Stapley v. Pestalozzi

Summarized by:

  • Court: 9th Circuit Court of Appeals Archives
  • Area(s) of Law: Civil Rights § 1983
  • Date Filed: 08-16-2013
  • Case #: 12-16145; 12-16146
  • Judge(s)/Court Below: Circuit Judge W. Fletcher for the Court; Circuit Judges Christen and Gould
  • Full Text Opinion

Prosecutors filing a federal civil racketeering suit are not entitled to absolute immunity when their actions were not “sufficiently analogous to those of a prosecutor” and when the suit is not “analogous to a criminal prosecution.”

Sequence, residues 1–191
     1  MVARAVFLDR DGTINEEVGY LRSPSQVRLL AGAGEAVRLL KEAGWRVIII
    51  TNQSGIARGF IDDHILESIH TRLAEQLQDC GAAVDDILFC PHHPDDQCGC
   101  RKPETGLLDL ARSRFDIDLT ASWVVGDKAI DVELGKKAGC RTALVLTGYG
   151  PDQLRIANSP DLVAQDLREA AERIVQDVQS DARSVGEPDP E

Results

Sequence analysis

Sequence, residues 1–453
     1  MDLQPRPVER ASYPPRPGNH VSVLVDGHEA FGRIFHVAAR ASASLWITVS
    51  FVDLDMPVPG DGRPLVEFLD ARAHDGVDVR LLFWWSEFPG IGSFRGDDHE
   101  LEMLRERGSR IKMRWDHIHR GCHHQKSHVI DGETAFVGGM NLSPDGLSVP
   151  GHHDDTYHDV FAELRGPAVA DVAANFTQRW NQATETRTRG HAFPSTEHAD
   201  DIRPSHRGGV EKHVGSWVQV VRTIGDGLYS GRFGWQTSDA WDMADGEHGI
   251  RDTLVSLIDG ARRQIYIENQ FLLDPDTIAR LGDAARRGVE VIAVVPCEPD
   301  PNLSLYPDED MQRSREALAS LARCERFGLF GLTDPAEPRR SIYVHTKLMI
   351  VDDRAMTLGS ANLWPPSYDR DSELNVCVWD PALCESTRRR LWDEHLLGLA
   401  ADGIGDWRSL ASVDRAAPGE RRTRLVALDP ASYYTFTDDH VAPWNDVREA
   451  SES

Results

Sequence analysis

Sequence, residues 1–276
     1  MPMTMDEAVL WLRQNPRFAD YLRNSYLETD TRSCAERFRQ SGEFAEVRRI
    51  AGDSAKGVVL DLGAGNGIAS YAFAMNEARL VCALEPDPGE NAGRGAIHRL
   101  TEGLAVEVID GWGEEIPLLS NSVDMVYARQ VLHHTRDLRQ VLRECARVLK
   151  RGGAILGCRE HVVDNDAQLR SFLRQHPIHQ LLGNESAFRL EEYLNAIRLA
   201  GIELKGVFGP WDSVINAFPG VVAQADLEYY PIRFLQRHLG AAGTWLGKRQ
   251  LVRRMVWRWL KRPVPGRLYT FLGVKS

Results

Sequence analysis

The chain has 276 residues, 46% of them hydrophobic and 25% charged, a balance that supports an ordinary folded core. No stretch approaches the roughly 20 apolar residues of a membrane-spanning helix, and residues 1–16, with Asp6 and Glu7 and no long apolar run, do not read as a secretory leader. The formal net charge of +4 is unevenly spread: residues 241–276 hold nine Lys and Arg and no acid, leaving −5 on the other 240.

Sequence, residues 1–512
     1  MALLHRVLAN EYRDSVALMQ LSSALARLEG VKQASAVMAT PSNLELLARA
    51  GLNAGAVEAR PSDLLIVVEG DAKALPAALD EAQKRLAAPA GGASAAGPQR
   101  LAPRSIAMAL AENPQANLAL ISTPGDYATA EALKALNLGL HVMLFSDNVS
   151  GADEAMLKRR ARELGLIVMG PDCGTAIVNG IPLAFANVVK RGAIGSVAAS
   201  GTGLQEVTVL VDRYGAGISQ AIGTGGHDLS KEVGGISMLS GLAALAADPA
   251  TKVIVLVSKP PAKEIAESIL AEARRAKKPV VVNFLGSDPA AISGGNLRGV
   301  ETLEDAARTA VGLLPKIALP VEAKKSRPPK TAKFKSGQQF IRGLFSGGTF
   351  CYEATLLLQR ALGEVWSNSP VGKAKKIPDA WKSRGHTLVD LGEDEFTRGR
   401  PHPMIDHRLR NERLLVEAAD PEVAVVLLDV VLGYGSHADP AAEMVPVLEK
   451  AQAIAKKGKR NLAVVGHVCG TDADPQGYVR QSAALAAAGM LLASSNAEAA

Former prosecutors Andrew Thomas and Lisa Aubuchon and their spouses (“Defendants”) appealed the district court’s partial denial of their motions to dismiss. Defendants had a “political war” with the Board of Supervisors of Maricopa County, mainly Donald Stapley and Sheriff Joe Arpaio. This “political war” included harassment campaigns against the Board of Supervisors. In the district court, Stapley alleged twelve causes of action under 42 U.S.C. § 1983 and that Defendants’ filing of a federal civil racketeering (“RICO”) suit caused him injuries. The district court held that Defendants were not entitled to absolute immunity because the civil RICO suit was not “sufficiently analogous to criminal proceedings” in order for absolute immunity to apply. The district court denied Defendants’ motion to dismiss claims arising from the filing of the RICO suit. On appeal, the Ninth Circuit determined whether under the circumstances of filing the civil RICO suit Defendants were entitled to absolutely immunity under 42 U.S.C. § 1983. After looking at both Supreme Court and Ninth Circuit precedent, the panel concluded that for two reasons Defendants were not entitled to absolute immunity for claims arising out of the civil RICO suit. First, the federal RICO statute does not give “special authorization to county attorneys to file civil RICO suits.” In effect, Defendants were in the same position as private lawyers and their actions were not “analogous to those of a prosecutor.” Second, the civil RICO suit was not “analogous to a criminal prosecution.” The RICO suit was filed as part of a “political war” and was meant to harass the parties to the suit. The panel held that under these circumstances, since Defendants’ actions were not “sufficiently analogous to those of a prosecutor,” they were not entitled to absolute immunity. AFFIRMED.

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